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“Here In My Garage…”: False promises from “web influencers”

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“Here In My Garage…”: False promises from “web influencers”

Art by Chloe K. Li and Ben Black

Art by Chloe K. Li and Ben Black

Art by Chloe K. Li and Ben Black

Art by Chloe K. Li and Ben Black

Alec Schemmel, Writer

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In 2017, digital advertising revenue surpassed television, broadcast, and cable advertising combined. With the increased potential to earn money online, digital advertising has produced a lot of hype, therefore intensifying the interest of others to get involved.

Digital marketing advertisers, or ‘Wealth influencers’, use a bevy of unethical marketing practices, including bogus ads, fake followers, and fraud, to seek out dupable web browsers and brands also attempting to grab a piece of this digital marketing pie.     

“They’re basically selling people the idea of being successful, but the only reason that these people are successful is because there’s a lot of people who will come together and try to understand this,”  Dr. Ben Wright, a professor in the Marketing Department at American University’s Kogod School of Business, said.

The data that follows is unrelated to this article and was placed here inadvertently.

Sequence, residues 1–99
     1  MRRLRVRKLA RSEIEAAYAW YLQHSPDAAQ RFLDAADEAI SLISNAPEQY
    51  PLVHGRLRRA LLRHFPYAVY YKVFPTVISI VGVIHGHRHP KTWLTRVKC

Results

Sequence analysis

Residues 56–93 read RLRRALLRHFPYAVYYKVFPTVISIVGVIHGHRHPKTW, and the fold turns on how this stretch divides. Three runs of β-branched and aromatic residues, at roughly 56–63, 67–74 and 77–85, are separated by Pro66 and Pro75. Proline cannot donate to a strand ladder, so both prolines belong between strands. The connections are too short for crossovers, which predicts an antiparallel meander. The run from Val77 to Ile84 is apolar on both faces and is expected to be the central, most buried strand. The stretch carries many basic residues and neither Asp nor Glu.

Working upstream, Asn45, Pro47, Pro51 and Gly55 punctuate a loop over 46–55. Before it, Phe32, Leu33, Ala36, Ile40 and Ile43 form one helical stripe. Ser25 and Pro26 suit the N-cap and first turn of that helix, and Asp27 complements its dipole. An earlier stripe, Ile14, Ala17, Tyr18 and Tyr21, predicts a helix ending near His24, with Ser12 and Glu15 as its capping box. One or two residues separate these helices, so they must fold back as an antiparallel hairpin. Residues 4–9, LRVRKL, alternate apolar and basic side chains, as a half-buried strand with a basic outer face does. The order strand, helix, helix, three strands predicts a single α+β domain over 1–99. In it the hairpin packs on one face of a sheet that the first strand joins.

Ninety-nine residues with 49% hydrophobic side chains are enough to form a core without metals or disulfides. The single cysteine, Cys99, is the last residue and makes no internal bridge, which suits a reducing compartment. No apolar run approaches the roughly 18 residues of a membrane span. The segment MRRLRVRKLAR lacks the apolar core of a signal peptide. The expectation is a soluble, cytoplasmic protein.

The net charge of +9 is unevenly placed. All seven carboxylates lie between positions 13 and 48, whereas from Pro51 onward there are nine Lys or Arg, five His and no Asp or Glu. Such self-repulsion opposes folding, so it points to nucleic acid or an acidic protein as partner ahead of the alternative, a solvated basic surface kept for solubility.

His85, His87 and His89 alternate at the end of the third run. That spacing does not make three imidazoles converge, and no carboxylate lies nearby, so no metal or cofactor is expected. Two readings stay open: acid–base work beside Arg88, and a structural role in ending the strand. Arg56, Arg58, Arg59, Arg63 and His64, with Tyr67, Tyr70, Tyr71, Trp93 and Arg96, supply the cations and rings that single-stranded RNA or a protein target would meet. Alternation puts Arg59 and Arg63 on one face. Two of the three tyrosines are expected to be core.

In 2015, an Australian construction worker named Tim McKinlay left his job to enter the space of making money online himself.  

“I grew to really dislike the daily grind, so I decided that I was going to find a way to earn money online somehow,” McKinlay said.

It was this motivation for a career change that led an inexperienced McKinlay into the waiting arms of digital marketing influencers.

“I think it’s kind of exploiting a specific segment of the market of individuals who maybe aren’t happy with their job, or maybe want to reach that level of fame,”  Wright said.

People who are unhappy with their job can become an easy target for online wealth influencers offering them a pitch that is too good to be true. They claim to have all the answers needed to make money online, or some secret formula to get you there. However, it only takes a quick YouTube search of “Make Enough Money Online to Quit Your Job” for anyone to find an endless list of online marketers all claiming the same thing.      

McKinlay spent years buying into various influencer programs with extremely unsatisfactory results. He said that influencers themselves know that their offers, be it a course or a tool of some sort, are not as good as they are trying to lead hopeful candidates to believe.